California Academy of Sciences vs The Smithsonian: Science Showdown

What’s better — the California National Academy of Sciences or the science museum at the Smithsonian. Richard Hay makes the hard call. — It’s a science museum showdown. I’m pitting the competitors — the California Academy of Sciences in San Francisco vs the Smithsonian National Museum of Natural History in Washington — against each other. If you’re like me, you’re into science museums. These are the best of the best. But they aren’t equal.

Here’s how they compare — useful stuff, I hope, if you’re planning a trip to either coast this summer.

I visited The Smithsonian a couple times a month when I lived in Northern Virginia — and I did it even more often if I had houseguests. My favorite exhibit was the Spotsylvania stump, a Civil War era oak tree cut down in its prime by rifle bullets in a battle on May 12, 1864.

In the San Francisco Bay Area, the California Academy of Sciences is my favorite. UC Berkeley’s Lawrence Hall of Science has a better view, true.  And the Chabot Space and Science Center features the the largest telescope open to the public west of the Mississippi and I highly recommend it if you have time. But, in terms of breadth of presentation, the California Academy of Sciences is the diadem at the center of the Bay Area science museum tiara. As it were.


Naturally, the Academy’s Living Roof gets a lot of attention. The green rooftop keeps the building’s interior about 10 degrees cooler than a normal roof would. Its tiles are made from interlocking, biodegradable trays that are stitched together by the roots of the vegetation itself. The plants also convert carbon dioxide into oxygen, capture rainwater and reduce energy costs for the museum.

Ever been on the roof of the Smithsonian?

On the other hand, the Museum of Natural History has live tarantulas you can hold –with a hovering entomologist nearby.  And there’s a crawlable maze demonstrating the Life of a Termite. It’s complete with a Queen you have to crawl into the center to find.  It’s in the O. Orkin Insect Zoo these days at the Smithsonian. How cool is that.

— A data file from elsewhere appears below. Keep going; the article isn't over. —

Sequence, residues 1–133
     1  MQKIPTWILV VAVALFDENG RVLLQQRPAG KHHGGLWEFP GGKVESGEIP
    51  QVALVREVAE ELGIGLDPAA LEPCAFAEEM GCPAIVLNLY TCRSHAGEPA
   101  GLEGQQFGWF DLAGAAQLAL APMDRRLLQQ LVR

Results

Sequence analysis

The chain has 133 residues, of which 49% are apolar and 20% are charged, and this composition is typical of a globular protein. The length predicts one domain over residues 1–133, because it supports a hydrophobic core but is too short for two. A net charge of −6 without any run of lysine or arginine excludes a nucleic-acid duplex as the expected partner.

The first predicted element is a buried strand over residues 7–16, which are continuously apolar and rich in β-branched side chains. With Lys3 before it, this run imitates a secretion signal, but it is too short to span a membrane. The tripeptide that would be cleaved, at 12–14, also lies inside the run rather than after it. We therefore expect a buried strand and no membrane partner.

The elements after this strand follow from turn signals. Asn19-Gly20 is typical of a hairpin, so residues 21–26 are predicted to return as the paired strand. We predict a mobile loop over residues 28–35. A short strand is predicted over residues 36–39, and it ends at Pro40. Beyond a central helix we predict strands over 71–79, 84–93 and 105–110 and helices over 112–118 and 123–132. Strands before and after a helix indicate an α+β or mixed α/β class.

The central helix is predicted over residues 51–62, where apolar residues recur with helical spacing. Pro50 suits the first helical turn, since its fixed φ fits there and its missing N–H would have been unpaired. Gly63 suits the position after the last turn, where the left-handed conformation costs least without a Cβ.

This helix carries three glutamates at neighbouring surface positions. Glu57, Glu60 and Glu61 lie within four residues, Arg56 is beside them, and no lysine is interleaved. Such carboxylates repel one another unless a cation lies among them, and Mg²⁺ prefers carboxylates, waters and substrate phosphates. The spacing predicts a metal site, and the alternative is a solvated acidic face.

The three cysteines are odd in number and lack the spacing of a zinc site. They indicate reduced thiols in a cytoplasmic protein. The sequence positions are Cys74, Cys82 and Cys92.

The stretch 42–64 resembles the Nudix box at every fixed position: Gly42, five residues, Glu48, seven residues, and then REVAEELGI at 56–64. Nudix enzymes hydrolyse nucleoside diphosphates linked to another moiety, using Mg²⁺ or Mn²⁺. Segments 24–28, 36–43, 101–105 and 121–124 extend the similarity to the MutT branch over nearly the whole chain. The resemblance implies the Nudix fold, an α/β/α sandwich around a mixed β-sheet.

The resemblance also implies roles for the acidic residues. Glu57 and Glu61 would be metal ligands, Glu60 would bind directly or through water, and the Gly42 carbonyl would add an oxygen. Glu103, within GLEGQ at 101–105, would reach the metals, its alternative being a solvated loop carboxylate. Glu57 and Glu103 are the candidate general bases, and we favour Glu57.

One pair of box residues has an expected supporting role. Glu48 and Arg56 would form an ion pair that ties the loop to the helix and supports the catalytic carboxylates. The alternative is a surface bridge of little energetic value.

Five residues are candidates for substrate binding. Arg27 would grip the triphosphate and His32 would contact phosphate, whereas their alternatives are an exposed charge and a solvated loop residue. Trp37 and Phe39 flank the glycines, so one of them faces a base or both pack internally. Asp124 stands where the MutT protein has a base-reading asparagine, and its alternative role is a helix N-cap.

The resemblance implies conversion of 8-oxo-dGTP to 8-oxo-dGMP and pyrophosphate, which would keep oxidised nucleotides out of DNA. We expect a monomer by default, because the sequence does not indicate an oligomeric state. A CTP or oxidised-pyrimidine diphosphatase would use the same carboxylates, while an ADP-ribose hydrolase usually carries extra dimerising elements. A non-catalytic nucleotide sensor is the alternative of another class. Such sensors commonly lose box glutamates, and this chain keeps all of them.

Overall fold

For location alone, the California Academy of Sciences gets points. It’s square inside Golden Gate Park in San Francisco. That park, few people outside the Bay Area know, is larger than Central Park in New York City. Buffalos roam there. Literally. It has a rich scientific history.  Golden Gate Park, even, wasa where a team of scientists once conducted followup research to Charles Darwin’s seminal work in the Galapagos Islands.


And the National Museum of Natural History has an unmatched display of minerals and gemstones.  The jewels are resplendent — they’re the sort of thing you would expect to see among the Crown Jewels in England.  The most spectacular jewel on display is the blue Hope Diamond. It has a great backstory — naturally, there’s a curse involved.


Then again, the California Academy has a state of the art biodome with tropical conditions intact. The multilevel exhibit is complete with stifling humidity and an Anaconda.  You can find only of those in Washington.

And its truly impressive Planetarium will blow your mind.

In terms of its cool factor, the California Academy beats the Smithsonian hands down. Except on price. As Washington museums are, the Smithsonian of course is free.  Bang for the buck factor goes to the Smithsonian.

In a perfect world, you’d be able to check out both. Discovering something new every single day is a great way to live. On second thought, you don’t need a science museum for that, do you?

Have a great weekend. For, I’m Richard Hay.

Image credits: Richard Hay